BOSTON — Several studies have shown that rotavirus vaccine has
significantly decreased rates of disease, but results of a new study presented
here indicate that nurse triage call volumes related to gastroenteritis
complaints in young children have also declined.
A study by Derek J. Williams, MD, MPH, and colleagues from the
Vanderbilt University School of Medicine, Nashville, revealed that
gastroenteritis (GE) call volumes have declined during the post-vaccination era
and the decline was especially pronounced during the traditional rotavirus
rotavirus vaccine decreased the burden of mild GE in the
community,” the researchers wrote.
The investigators, including Infectious Diseases in
Children Editorial Board member, Kathryn M. Edwards, MD, analyzed
data from May 2004 to April 2010 from a 24-hour electronic nurse triage system
that provides support for pediatric practices in Middle Tennessee.
The study included all triage calls for children aged younger than 6
years from 32 practices in Middle Tennessee. Calls with a chief complaint of
vomiting and/or diarrhea were included in the analysis, and weekly call volumes
were calculated for GE and total calls. The weekly proportion of GE calls was
the outcome variable, according to the researchers.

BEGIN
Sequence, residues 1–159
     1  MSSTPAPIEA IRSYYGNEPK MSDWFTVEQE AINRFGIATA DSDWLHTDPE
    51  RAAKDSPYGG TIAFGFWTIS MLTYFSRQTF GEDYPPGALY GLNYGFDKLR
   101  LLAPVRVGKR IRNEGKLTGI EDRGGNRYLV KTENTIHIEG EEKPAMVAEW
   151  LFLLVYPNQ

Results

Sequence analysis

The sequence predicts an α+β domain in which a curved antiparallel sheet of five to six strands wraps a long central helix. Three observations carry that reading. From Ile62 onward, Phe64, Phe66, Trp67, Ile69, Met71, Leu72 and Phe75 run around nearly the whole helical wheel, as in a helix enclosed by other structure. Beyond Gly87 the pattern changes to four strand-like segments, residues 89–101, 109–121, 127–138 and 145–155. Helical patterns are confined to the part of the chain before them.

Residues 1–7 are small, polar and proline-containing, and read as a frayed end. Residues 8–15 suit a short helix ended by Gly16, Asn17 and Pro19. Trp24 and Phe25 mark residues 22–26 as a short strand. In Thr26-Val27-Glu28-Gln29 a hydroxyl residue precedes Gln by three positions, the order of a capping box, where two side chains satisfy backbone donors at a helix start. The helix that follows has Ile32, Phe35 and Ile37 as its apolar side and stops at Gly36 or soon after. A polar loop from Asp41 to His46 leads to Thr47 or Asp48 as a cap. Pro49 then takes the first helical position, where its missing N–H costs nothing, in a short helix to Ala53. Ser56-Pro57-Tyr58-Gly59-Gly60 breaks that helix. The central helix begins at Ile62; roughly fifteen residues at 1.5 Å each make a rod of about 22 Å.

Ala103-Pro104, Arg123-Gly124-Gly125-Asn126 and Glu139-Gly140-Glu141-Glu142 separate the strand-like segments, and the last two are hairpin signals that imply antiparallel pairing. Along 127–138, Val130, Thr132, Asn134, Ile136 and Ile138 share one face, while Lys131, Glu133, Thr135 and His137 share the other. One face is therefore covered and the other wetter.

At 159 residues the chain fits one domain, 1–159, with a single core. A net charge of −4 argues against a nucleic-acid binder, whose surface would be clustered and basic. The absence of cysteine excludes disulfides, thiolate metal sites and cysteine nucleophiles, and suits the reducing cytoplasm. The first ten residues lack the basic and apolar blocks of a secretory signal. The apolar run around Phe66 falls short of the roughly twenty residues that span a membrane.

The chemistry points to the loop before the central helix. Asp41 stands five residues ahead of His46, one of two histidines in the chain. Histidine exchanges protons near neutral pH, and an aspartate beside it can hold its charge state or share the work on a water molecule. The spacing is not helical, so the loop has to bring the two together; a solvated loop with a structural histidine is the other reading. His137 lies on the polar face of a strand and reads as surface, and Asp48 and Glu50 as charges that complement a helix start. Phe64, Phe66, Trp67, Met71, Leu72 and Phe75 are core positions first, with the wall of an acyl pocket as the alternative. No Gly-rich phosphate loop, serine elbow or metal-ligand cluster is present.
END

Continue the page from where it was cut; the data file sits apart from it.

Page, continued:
A total of 156,362 calls were logged during the study period, 19,731 of
which were considered GE-related (12.3%). Compared with the pre-vaccine era,
the proportion of GE calls decreased by 9% during 2007 to 2008 (OR=0.91; 95%
CI, 0.86-0.97); 5% in 2008 to 2009 (OR=0.95; CI, 0.90-1.02); and 9% in 2009 to
2010 (OR=0.92; CI, 0.88-0.97).
Declines during the
post-vaccine era were limited to the historical
rotavirus season, with an overall decrease of 28% (OR=0.72; CI, 0.67-0.78). The
reduction in calls was most significant during the months of March (28%-42%)
and April (30%-46%), according to the study findings.
“These results also highlight the potential of a novel method for
disease surveillance,” the researchers wrote.
Disclosure: Dr. Williams reports no relevant financial
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